It was February. It felt as though winter had been forever. Doing nothing, going nowhere – it’s not my favourite season. So I was delighted that we could get a week off babysitting duties and the weather forecast looked friendly – time to enjoy some of the delights right on our doorstep. Time for a drift around the Broads.
Day 1 – Bury to Rumburgh
We set off around teatime with the aim of getting parked up at a comfortable pub for dinner – and just over an hour later we were installed at the Buck in Rumburgh. There’s nothing much to see at Rumburgh, but the Buck was warm and hospitable. After dinner we retired to the motorhome, pulled the blinds, put the heating on low and went to bed. Zzzzzzzz!
Day 2 – Rumburgh to Hickling
Very much a day near the Broads – and we occasionally saw them. We visited Horsey Windpump (https://www.nationaltrust.org.uk/horsey-windpump) and dropped in on the (closed for winter) Museum of the Broads. Our final destination for the day was the iconic Pleasureboat Inn. Most of the day was in Broadland but we wandered northwards along the coast for a while. At this time of the year travelling with a motorhome, this piece of coast didn’t offer any compelling stop off points.
The odd thing about the Broads is that when you’re there in a boat they seem enormous and become your whole world but you really have to work at finding Broadland by road. We found a deserted, somewhat bleak but very scenic National Trust landmark (https://www.nationaltrust.org.uk/horsey-windpump). In the summer this would be heaving with boats and boaters.
Museum of the Broads
We followed a signpost for the Museum of the Broads (http://www.museumofthebroads.org.uk/). It’s tucked away in a corner of Stalham. We were able to park the motorhome just outside, perhaps because the museum was closed. We had an illicit look around, and saw some of the collection of quirky boats.
The Pleasureboat Inn
In the summer this is a real honey-pot location. In February it was pretty desolate and not exactly buzzing. The pub was undergoing renovation, so food wasn’t being served, and the bar was virtually deserted. But the broad-side location was all you could hope for.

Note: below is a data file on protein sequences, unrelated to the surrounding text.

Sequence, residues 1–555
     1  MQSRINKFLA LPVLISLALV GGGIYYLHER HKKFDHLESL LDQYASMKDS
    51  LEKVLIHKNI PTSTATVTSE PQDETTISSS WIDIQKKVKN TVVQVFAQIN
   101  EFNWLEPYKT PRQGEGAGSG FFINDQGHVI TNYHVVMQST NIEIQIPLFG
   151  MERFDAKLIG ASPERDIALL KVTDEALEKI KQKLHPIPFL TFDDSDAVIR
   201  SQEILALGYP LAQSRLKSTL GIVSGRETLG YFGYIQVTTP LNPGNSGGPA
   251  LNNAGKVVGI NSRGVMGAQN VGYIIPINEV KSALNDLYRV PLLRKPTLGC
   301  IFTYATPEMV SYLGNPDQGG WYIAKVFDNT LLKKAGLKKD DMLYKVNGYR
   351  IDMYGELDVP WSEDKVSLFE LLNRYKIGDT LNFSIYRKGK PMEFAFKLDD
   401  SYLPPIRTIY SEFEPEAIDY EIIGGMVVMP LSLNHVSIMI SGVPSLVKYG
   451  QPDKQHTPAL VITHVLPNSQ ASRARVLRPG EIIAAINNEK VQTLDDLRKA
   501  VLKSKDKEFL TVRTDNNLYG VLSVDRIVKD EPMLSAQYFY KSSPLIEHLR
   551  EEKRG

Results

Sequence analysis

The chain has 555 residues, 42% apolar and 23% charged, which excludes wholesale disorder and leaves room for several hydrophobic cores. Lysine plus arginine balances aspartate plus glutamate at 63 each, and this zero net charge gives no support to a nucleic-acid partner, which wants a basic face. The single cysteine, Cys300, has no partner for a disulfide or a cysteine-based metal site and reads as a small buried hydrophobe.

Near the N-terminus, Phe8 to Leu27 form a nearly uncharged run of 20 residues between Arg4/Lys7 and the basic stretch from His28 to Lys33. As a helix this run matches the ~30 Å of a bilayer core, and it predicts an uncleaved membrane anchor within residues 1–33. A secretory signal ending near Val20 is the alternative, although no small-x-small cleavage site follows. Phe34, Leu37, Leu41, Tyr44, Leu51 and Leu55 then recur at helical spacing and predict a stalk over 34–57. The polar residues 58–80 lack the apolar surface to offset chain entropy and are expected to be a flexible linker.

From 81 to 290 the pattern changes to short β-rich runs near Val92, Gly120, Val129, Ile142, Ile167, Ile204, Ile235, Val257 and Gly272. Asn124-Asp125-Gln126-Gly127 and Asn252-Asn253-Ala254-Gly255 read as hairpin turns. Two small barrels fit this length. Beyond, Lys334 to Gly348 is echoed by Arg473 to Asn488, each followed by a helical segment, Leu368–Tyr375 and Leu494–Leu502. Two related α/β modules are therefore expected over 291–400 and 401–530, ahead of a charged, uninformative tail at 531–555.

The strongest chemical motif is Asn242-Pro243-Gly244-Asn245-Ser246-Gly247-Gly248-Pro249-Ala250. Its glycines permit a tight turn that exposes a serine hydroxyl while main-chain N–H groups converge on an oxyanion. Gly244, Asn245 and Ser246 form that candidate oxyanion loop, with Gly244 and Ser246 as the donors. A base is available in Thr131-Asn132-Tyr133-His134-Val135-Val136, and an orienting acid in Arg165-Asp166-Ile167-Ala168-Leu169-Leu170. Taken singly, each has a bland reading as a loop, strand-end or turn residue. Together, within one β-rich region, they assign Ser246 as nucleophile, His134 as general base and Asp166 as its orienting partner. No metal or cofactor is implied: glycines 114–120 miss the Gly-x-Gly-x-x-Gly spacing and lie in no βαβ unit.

Day 3 – Hickling to Woodbastwick
In our meandering style we travelled around 50 miles, visiting Felbrigg Hall before doubling back to very close to the day’s starting point. This was Valentine’s day, and we were taking a bit of a risk in looking for a good dinner at a pub without a booking, but we hit lucky with the Fur and Feather.
Felbrigg Hall and Park
This National Trust property (https://www.nationaltrust.org.uk/felbrigg-hall-gardens-and-estate) offered a pleasant walk and views of the Hall.
The Fur and Feather
The Fur and Feather (http://thefurandfeather.co.uk/) proved to be the ideal location for an overnight stop on Valentine’s Day. The pub is co-located with Woodfordes Brewery. It’s a lovely building with a great atmosphere, and the staff are welcoming and friendly. They served an excellent meal and we went back to the
Day 4 – Woodbastwick to Sandringham
After a series of off-grid one-night stands at pubs it was time to visit a real campsite to carry out housekeeping activities – emptying and filling various tanks in the motorhome as appropriate. We can survive around three of four days between fill-ups, depending on how often we wash! We visited the National Trust Blickling Hall en route.
Another day, another wonderful National Trust Property. Our dog was more interested in parks than houses, so seeing the inside of the house will have to wait for another day – the park is magnificent.
Sandringham Camping and Caravanning Club Site
We have visited this site over many years and it remains a favourite. Although it was early in the season we were blessed with warm and dry weather and our two night stay allowed for woodland walks and a really enjoyable jog along the estate roads (I had two half marathons to run the next month, so it was a great opportunity to get some miles in).
Day 6 – Sandringham to to Gedney Drove End
If you look at the map of the area around The Wash it all looks pretty empty, so I was fascinated to take a look to see what was actually there. A look in the Britstops guide offered the Rising Sun in Gedney Drove End as an opportunity to explore that blank map.
Gedney Drove End
The name suggests something akin to the end of the world, and it was certainly something like that. The Rising Sun was a good old-fashioned pub with characterful and friendly locals – we almost had the feeling that they don’t often get people from the outside world and they’re curious to hear what it’s like.
We were able to explore the world of Gedney, and while at times the sea is too close for comfort, as evidenced by the massive sea defences, while we were there it was very distant – outside of the sea wall was salt marsh.
Later in the day I was able to jog along the sea wall and see the extensive bombing range used by UK and other air forces. Fortunately all was quiet for my jog.
Day 6 – Gedney Drove End to Home
And that was it – time to go home.
To see all our photos from the trip, visit the Flickr album at: